Last year, I spent the most wonderful two weeks exploring Cuba. Rather than get a package tour to an all-inclusive hotel like most people do, I traveled around on my own. Many backpackers do this, but you don’t have to be one. It’s actually very comfortable to travel in Cuba and you get to see a lot more. It’s true that the island has absolutely stunning beaches, and they should be on your list, but there is also so much history, culture and flavor that you would be limiting yourself by only staying on a beach. So, here is a quick guide on DIY Cuba travel.
First of all, most people need a visa to get into the country. But it’s not a hassle at all to get one. Generally speaking, the airline that you are flying with will sell you the tourist visa card for about $25US before you board the plane. If you are flying from Canada, most airfares will include the cost of the card. Of course, you should still check with the airline and your port of departure to make sure that this really is available. The only exception is if you hold a US passport, then it might be a little more complicated and you should refer to the latest rules (at the time of writing) on visiting Cuba issued by the US government.
Cuban money is quite mind-boggling for many first time visitors, so I’ll try to explain the currencies in simple terms, at least how I understand them. Basically, there are two currencies in circulation in Cuba – the CUC and CUP. The CUC, or the Convertible Peso is tied to the value of the US dollar. It is likely going to be the main currency that you use for all tourism-related purchases and in the grocery stores where foreigners can shop. Just like anywhere else, you’ll need to go to a money changer to get CUC. The good thing is that you don’t need to shop around, the rates are exactly the same everywhere and you can even exchange at the airport. However, keep in mind that it’s best not to exchange US dollars, but to bring Canadian dollars or Euros. That’s because the US dollar gets a 10% penalty when exchanging. Now the CUP, or the Cuban Peso is the true local currency and is valued at about 26 CUP per CUC (again, at the time of writing). You won’t need much of it, but you should pick up some CUP for small expenses, such as buying street food, fresh fruit and local transport.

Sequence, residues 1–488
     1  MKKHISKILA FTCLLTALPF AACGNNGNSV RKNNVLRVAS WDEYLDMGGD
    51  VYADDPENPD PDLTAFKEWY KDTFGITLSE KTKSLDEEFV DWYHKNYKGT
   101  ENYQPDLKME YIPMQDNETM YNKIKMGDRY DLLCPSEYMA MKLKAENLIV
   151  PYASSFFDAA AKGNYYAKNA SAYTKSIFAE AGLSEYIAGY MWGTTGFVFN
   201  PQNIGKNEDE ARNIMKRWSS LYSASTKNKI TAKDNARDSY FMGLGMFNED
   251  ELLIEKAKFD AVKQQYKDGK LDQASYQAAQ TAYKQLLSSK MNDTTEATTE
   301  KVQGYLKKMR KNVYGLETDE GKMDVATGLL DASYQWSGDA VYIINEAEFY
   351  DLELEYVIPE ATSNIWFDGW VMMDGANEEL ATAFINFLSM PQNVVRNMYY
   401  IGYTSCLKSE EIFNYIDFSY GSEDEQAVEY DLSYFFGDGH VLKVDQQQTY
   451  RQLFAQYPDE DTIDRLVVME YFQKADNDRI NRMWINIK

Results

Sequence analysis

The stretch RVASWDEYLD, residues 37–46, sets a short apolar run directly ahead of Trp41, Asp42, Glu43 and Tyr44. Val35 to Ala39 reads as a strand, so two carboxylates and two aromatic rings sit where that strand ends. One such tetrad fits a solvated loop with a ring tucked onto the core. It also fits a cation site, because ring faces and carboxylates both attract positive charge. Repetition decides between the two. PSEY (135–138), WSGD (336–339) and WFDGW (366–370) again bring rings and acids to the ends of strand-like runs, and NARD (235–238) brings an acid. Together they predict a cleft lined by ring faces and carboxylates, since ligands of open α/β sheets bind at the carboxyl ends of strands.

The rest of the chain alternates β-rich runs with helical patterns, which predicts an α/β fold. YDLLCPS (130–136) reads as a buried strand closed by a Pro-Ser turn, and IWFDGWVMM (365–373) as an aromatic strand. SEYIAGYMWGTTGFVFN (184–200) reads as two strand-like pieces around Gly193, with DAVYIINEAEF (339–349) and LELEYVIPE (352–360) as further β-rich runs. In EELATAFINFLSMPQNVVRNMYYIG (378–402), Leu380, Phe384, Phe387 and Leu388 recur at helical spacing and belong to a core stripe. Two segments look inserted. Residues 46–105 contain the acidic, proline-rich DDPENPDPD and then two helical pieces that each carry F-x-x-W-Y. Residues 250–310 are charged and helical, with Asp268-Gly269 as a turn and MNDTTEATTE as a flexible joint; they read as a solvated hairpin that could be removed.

The tourism industry in Cuba is super developed. That means that there is no shortage of options when it comes to transportation. Keep in mind that it’s technically illegal to take local public transportation, so you should be using the tourism-oriented transfers. Of course, there are people who do use the public transport, but it’s a heads up!
One great way to get around Cuba is by renting a car. The only issue is that most cars are pretty old, so you need to be prepared for potential mechanical problems along the way. I wasn’t able to do this since I don’t have a driver’s license, so I went with the alternatives – bus and taxi. Viazul is your go-to bus company for traveling around the country, it has a schedule, assigned seating and you can even try to book it online (it doesn’t always work). Alternatively, there are transfers offered by travel agencies, which go to the main tourist destinations. I also used a private transfer from Trinidad to Havana because the bus schedule wasn’t in line with my plans. The price was very reasonable, and if you are traveling in a group then it’s the way to go.